In Life of Pi, Lee really excels himself. The film is outstandingly beautiful on many levels, with a rich colour palette and an engrossingly dreamy sensibility. The film is shot by Claudio Miranda, who rose through the ranks working for David Fincher and recently helmed the visually stunning (but ultimately dull) Tron Legacy. He fills the screen with a wide range of enticing and fascinating colours, capturing the hallucinogenic state of Pi's surroundings while also painting a vibrant portrait of India. All the scenes on water have both a genuine physical force and an undeniably painterly quality, particularly the scene with the squid dividing into multiple different animals.
One of the most appealing things about Life of Pi is its evocation of India (Pondicherry to be exact). Lee resists giving us a cliché-ridden pantomime version of India, a la The Best Exotic Marigold Hotel, preferring instead to depict the formative years of Pi in both stark and exquisite detail. There are numerous surprising scenes which entrench us in his world, such as the explanation of the different dance moves performed by Pi's girlfriend. Put simply, all the little details that would normally be skimped on are given the time and space they need to take on significance and meaning.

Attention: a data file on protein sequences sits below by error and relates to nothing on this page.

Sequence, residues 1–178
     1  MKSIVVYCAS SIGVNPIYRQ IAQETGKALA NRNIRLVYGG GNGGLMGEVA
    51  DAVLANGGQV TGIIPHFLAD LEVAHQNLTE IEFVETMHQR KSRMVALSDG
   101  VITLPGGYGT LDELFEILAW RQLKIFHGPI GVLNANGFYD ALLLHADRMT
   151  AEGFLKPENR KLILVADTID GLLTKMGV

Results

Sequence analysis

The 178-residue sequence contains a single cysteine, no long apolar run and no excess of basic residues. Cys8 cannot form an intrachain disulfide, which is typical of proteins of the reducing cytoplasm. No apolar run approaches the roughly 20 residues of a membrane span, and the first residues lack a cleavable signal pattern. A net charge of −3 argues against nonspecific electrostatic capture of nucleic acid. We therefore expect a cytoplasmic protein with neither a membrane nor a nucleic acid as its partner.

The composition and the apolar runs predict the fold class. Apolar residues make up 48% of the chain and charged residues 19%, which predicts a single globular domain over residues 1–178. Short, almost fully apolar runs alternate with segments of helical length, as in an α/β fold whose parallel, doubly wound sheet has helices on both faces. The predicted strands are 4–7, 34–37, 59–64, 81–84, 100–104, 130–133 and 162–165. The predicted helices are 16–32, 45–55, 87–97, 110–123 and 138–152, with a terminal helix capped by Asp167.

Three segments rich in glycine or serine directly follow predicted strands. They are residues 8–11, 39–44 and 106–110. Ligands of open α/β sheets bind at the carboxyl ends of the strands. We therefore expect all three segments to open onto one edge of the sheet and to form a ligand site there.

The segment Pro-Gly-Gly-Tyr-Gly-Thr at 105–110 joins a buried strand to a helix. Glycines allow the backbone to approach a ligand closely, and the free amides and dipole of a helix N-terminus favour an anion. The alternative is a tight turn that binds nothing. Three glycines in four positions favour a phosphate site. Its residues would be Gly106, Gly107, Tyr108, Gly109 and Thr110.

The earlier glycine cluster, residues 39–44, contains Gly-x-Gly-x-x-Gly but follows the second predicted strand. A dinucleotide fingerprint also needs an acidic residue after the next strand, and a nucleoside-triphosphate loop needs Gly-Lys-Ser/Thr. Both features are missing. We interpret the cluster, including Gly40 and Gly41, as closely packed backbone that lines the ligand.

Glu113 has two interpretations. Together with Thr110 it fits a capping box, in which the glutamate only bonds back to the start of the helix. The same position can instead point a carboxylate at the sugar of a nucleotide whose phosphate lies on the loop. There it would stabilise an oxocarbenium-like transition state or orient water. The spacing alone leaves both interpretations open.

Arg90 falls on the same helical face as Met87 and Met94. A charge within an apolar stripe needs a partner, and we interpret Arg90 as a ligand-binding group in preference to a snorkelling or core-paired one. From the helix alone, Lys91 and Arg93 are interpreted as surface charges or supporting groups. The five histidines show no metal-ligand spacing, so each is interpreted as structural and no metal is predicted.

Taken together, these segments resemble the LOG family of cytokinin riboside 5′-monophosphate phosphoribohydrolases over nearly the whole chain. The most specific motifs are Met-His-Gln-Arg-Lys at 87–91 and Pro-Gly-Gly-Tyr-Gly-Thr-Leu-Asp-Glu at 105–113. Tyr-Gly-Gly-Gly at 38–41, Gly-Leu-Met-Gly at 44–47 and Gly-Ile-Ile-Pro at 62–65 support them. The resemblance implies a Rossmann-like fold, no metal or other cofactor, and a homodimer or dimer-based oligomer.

This brings us to the special effects of the film, which are also quite outstanding. CGI is abundantly used, for the obvious reason that real animals could not be asked to perform or withstand half of the feats that they go through in the story, and that's before we get to their interactions with Pi. Normally I would complain at this point, having criticised the likes of Alice in Wonderland, The Phantom Menace and The Lovely Bones for needlessly relying on CG effects and not properly integrating them into the physical world of the characters. But because the tone of the film is so dreamy and fantastical, it makes complete sense for so much of Pi's world to be rendered this way. If nothing else, Richard Parker the tiger features some of the best CGI ever seen on film, with believable emotions and physical movements as well as superb attention to detail on the part of the animators.